About 20 years ago, the static split-and-tilt ergonomic keyboard became the wrist-friendly standard. Today, Smartfish Technologies, a company founded by a former chiropractor, has a better approach: the Engage, a keyboard that periodically shifts its position. The goal is to constantly change your typing angle, thereby reducing the chance of repetitive-stress injuries. A motor inside the keyboard tweaks the separation (up to 1.4 inches) and tilt (up to 6 degrees) of each side in small increments every 2,500 keystrokes. You can also alter the frequency of changes.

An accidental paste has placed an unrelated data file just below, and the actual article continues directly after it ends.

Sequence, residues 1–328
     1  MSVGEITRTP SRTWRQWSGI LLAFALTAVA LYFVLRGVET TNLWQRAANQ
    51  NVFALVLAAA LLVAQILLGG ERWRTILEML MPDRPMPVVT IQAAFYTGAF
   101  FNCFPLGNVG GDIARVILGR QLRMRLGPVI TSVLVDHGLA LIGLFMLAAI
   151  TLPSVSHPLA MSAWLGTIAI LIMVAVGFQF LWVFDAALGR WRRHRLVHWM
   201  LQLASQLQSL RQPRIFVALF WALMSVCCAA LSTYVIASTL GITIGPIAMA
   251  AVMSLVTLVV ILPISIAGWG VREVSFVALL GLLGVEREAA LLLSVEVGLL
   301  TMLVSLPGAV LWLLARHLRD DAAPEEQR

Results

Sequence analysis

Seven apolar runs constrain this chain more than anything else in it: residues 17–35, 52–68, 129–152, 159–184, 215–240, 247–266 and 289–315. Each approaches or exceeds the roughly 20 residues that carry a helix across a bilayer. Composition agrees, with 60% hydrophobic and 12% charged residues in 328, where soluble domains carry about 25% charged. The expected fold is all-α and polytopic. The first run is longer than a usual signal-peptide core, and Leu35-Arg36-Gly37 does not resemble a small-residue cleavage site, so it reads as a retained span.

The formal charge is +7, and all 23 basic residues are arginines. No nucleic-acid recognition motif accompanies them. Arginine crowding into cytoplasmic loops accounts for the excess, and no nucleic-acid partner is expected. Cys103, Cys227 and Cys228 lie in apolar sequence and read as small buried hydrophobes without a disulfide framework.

It doesn't have to be this way: 12 products scientifically proven to ease your pain.
By Jenny EverettPosted 02.25.2003 at 2:00 am 0 Comments
Alan Hedge has been studying what makes people uncomfortable for more than 25 years, but lately he's been a little sore. As director of Cornell's Human Factors Laboratory, he sums up the current state of ergo-nomics, the science of human-centered workplace design: "There's a lot of hogwash out there,"
he says. "It's not about having something feel different, it's about considering human anatomical, physiological and biomechanical characteristics as they relate to movement."